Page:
Monday, November 07, 2005

A new level

At the airport last night I pilfered a discarded Sunday WaPo and discovered that the Chief Art Critic of the WaPo now has a new category of artists: barely emerging!

As far as I can remember, artists have unfortunately been referred to as: emerging, mid-career and established. Even those terms are kind of silly, but make somewhat sense.

But in this mention of the current show at Curator's Office, Gopnik tags DC artist Kathryn Cornelius as a "barely emerging" artist.

As everyone else knows, Kathryn Cornelius has exhibited extensively in the DC area, (and most recently in NYC), was the subject of a profile in the Washington Post Express while she was sort of a leading arts activist student at Georgetown, and her work was recently acquired by the Heather and Tony Podesta collecting team at Seven.

Could we at least consider her an "emerging artist?" Methinks Kathryn passed this new "barely emerging" stage a while back.

Ahhh! the silly things we artsy folks argue about...

Tate is the word that we've heard (part II)

Last night I headed off to the Left Coast again, and I am now looking at the Pacific, but hope to be back in time for Tim Tate's opening of his third solo show with us. The opening is Friday, November 11, 2005 at Fraser Bethesda.

Tales of Magnetism by Tim TateThis show comes in the wake of two sold out earlier solo shows in 2003 in Georgetown and 2004 in Bethesda, as well as the immensely successful "Compelled by Content" show that Tate curated for us.

And in my obviously biased opinion, this promises to be the best exhibition yet by one of Washington's best-known artists and a leading and very involved member of our arts community.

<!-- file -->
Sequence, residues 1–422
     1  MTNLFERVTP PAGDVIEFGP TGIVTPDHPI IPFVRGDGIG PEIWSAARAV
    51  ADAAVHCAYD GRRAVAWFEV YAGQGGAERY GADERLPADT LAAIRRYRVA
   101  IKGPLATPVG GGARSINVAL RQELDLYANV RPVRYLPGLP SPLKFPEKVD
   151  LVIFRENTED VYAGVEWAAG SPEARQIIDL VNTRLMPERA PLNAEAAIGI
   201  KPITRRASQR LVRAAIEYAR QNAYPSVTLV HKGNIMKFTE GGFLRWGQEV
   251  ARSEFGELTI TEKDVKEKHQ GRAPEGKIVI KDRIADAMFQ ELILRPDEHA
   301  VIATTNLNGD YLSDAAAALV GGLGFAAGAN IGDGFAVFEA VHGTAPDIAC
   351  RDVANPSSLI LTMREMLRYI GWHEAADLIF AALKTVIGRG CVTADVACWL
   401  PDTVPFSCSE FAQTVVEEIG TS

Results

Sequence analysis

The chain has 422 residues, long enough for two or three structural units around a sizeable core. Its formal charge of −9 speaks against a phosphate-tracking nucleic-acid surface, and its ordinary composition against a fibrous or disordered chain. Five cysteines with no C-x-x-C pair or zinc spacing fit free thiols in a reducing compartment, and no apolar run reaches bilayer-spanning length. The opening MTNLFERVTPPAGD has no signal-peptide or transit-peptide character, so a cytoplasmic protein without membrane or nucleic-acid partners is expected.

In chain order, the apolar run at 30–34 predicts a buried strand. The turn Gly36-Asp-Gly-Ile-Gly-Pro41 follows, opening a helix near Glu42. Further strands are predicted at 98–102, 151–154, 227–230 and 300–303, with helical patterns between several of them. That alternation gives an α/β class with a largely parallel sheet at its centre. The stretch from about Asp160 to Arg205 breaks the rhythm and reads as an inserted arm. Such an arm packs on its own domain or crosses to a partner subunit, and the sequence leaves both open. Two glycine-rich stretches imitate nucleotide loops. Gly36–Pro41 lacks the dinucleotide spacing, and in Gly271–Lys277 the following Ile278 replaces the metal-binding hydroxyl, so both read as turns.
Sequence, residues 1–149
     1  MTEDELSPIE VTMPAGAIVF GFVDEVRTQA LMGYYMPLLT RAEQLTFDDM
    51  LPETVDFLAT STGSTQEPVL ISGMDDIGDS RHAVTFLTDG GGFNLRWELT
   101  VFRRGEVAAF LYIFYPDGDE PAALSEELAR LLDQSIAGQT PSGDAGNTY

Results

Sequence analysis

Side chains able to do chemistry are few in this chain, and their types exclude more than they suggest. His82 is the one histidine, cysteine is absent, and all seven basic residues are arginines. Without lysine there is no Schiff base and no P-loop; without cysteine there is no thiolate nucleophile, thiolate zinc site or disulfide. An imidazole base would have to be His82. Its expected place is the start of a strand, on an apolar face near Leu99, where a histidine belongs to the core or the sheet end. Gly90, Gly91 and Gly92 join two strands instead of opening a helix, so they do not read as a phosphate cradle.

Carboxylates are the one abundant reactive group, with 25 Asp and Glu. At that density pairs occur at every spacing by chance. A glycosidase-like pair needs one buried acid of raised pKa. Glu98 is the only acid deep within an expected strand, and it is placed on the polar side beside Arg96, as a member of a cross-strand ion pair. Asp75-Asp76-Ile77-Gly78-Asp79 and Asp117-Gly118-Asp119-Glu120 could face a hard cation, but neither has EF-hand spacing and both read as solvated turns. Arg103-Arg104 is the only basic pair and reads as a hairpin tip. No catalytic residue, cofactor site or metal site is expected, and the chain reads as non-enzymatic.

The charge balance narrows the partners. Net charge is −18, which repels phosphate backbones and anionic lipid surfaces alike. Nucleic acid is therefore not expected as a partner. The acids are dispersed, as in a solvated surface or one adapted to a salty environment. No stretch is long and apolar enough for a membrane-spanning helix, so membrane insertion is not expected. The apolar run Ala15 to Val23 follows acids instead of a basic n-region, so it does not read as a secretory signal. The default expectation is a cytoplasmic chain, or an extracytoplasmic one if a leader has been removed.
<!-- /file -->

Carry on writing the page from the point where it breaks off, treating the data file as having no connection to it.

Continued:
Tate has absolutely been driven in creating new work for his show, probably because he's under extreme pressure as he's getting kicked out of the spaces that the Washington Glass School (of which Tate is the co-director) occupies. The School is being kicked out as part of the eminent domain scam that allows the city to kick out the people that they attracted to the neighborhood a few years ago, but that they now need to build a stadium for the Nats.
Three Guardians by Tim Tate
And Tate, who hates being called a "glass artist," nonetheless continues to break new ground (and a lot of glass in the process) by continuing to add and expand a new vocabulary to the glass genre: A vocabulary made of a narrative content that requires an understanding of what the artist wants to express.

In doing so, Tate has absolutely changed and refined his art and vision, a change that was first kindled by the death of his mother, which he expressed by an obsessive desire to create small, beautiful glass hearts, which have nothing to do with religion, but childhood memories of JFK imagery in his home and a receptacle for memory.

In another new series of glass slices that project from the walls, encased in steel, Tate offers us Cryptologic clues to events, influences, social and political statements, as well as the ever-present dialogue about disease and recovery.

Tate, who is HIV-positive, thus continues to incorporate his daily issue with HIV and AIDS into these works, some of which represent his own ideas of surviving the disease. In the wall glass slices, the narrative panels and the reliquaries, are hidden clues and figures that offer a constant desire for a cure that refuses to come into focus.

Don't miss this show. The opening reception is Friday, November 11 from 6-9PM at Fraser Bethesda.